Those of you who subscribe to our newsletter or are members of our Facebook group already received this, but for those who haven’t, here’s this week’s newsletter, which also serves as the kickoff for our first ever fundraising campaign.
There was such a great response to last week’s giveaway of Jerzy Pilch’s The Mighty Angel that we’re definitely going to do this on a regular basis . . . Copies of the book (and congratulatory e-mails) went out to the winners yesterday—for everyone else, copies are available at better bookstores everywhere, or via our website. (And yes, the book is even prettier in real life . . .)
This week, we’d like to do two things:
First off, I’d also like to officially kick off our first $10 fundraising campaign. As a nonprofit press (that does a lot of non-revenue generating activity like the Best Translated Book Award, Three Percent, and, well, publishing translations), we have to rely on grants and individual donations to keep doing what we’re doing—making great works of world literature available to readers like you (and me).
Obviously, the more money raised via this campaign, the more we’ll be able to offer, but seeing as this is our first ever online fundraising effort, the real goal is to demonstrate a broad base of support for Open Letter and Three Percent. So, although we’re more than happy to accept gifts of any level, we’re only asking for $10. It’s an affordable amount that adds up to a very significant total, and any show of support for what we do can’t be overestimated.
To contribute—and I really hope you will—simply take two minutes to fill out the online form here.
Second, our new fall/winter 2009 catalog is now available online) with lots of interesting books that I’ll be featuring on Three Percent in the near future and giving away through this newsletter.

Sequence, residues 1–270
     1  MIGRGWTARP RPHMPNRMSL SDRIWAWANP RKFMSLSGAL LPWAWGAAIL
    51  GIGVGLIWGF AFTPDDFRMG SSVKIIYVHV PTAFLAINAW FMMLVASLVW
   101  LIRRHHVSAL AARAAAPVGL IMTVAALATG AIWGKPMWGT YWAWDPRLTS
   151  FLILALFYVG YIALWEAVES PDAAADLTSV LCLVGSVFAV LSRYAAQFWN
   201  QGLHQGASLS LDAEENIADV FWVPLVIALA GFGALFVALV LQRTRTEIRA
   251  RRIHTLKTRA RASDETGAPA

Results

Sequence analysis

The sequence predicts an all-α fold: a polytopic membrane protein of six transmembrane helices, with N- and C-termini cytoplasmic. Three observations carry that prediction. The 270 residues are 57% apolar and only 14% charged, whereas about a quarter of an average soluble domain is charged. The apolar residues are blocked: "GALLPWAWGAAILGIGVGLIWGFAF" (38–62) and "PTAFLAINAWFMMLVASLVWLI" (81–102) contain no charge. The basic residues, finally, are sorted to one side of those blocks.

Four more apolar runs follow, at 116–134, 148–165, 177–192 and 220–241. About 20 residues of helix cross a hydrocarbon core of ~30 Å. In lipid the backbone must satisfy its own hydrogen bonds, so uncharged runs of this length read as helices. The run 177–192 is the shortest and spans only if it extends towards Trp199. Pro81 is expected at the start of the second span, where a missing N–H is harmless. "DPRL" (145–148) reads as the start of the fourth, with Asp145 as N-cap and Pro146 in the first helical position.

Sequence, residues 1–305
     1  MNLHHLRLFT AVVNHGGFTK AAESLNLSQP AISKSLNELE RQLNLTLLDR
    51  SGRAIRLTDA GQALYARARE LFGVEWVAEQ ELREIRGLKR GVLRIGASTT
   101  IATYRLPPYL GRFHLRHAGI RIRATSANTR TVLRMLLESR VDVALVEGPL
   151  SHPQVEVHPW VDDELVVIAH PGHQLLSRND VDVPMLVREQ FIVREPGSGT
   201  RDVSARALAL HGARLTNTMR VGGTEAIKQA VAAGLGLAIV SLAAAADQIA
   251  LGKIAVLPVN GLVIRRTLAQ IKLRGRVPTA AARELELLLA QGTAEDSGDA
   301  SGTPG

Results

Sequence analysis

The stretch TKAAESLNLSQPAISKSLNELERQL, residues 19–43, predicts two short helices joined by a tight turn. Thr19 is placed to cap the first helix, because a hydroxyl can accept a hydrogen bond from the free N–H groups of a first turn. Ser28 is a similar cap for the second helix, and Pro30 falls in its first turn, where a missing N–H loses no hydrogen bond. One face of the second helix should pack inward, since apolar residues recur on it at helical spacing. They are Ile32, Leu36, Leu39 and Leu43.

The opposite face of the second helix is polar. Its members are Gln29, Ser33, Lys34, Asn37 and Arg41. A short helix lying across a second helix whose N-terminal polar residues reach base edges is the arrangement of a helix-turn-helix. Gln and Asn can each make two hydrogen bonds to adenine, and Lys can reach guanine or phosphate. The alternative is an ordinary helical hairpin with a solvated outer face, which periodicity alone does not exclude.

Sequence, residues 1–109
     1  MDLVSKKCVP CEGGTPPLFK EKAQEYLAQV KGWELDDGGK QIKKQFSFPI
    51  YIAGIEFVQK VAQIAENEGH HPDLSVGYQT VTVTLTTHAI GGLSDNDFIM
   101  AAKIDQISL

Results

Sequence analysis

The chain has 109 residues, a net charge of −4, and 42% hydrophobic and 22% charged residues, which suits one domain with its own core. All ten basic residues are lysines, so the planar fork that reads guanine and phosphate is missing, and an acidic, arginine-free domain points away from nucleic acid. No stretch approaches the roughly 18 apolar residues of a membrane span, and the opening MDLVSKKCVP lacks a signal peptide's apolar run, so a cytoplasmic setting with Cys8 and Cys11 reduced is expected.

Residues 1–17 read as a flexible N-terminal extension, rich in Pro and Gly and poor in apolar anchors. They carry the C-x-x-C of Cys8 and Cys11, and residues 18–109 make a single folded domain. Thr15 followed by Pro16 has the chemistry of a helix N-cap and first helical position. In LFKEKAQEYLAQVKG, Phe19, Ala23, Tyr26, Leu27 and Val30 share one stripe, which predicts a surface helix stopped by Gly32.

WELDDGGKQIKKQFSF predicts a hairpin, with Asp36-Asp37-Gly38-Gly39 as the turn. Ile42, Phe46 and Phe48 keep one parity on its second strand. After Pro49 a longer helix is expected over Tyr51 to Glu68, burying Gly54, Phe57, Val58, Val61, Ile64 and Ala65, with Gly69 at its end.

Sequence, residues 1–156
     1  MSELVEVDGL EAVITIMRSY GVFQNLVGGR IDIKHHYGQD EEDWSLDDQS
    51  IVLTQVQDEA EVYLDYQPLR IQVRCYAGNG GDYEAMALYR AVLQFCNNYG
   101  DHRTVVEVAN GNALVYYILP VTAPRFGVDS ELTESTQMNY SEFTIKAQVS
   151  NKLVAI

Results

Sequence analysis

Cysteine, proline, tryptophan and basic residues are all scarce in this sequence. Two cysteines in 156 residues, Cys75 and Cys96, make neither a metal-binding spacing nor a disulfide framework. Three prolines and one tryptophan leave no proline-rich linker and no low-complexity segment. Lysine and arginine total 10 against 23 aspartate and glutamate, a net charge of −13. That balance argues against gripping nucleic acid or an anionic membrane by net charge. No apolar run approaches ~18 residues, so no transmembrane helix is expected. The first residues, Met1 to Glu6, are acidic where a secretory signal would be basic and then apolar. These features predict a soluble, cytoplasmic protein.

Thanks in advance, and next week we’ll be back to our regularly scheduled newsletter. (Unless no one contributes. Kidding, kidding.)
Upon completing Albertine Sarrazin’s Astragal I was left to wonder why it ever fell from print. Aside from the location, Astragal could pass as the great American novel. Its edginess and rawness capture the angst and desires we all had. . .
When my eyes first crossed the back cover of Fabio Genovesi’s novel Live Bait, I was caught by a blurb nestled between accolades, a few words from a reviewer for La Repubblica stating that the novel was, however magically, “[b]eyond. . .
“I preferred the war to the plague,” writes Curzio Malaparte in his 1949 novel, The Skin. He speaks of World War II and the destruction it has wrought on Italy, the city of Naples in particular. But the plague he. . .
With the steady rise of feminist scholarship and criticism in recent decades, it is little wonder that the work of Louise Labé should be attracting, as Richard Sieburth tells us in the Afterword to his translation, a “wide and thriving”. . .
In Conversations, we find ourselves again in the protagonist’s conscious and subconscious, which is mostly likely that of Mr. César Aira and consistent with prototypical Aira style. This style never fails because each time Aira is able to develop a. . .
You are not ashamed of what you do, but of what they see you do. Without realizing it, life can be an accumulation of secrets that permeates every last minute of our routine . . .
The narrative history of. . .
Literature in translation often comes with a certain pedigree. In this little corner of the world, with so few books making it into this comforting nook, it is often those of the highest quality that cross through, and attention is. . .
Alessandro Baricco’s Mr. Gwyn is a set of two loosely interlinked novellas that play with narrative and the construction of character. Ably translated by Ann Goldstein, Mr. Gwyn plays some subtle metafictional games as Baricco delves into what it means. . .
I must admit upfront that I went into reading Saadat Hasan Manto’s Bombay Stories almost entirely blind. I have not read Salman Rushdie. I have read, perhaps, two short stories by Jhumpa Lahiri. I might shamefully add that I really. . .
Throughout his work The Gray Notebook, Josep Pla mentions many different authors, some of whom have inspired him to pick up a pen. One of them is Marcel Proust. Even though Pla normally prefers nonfiction, he lauds the French novelist. . .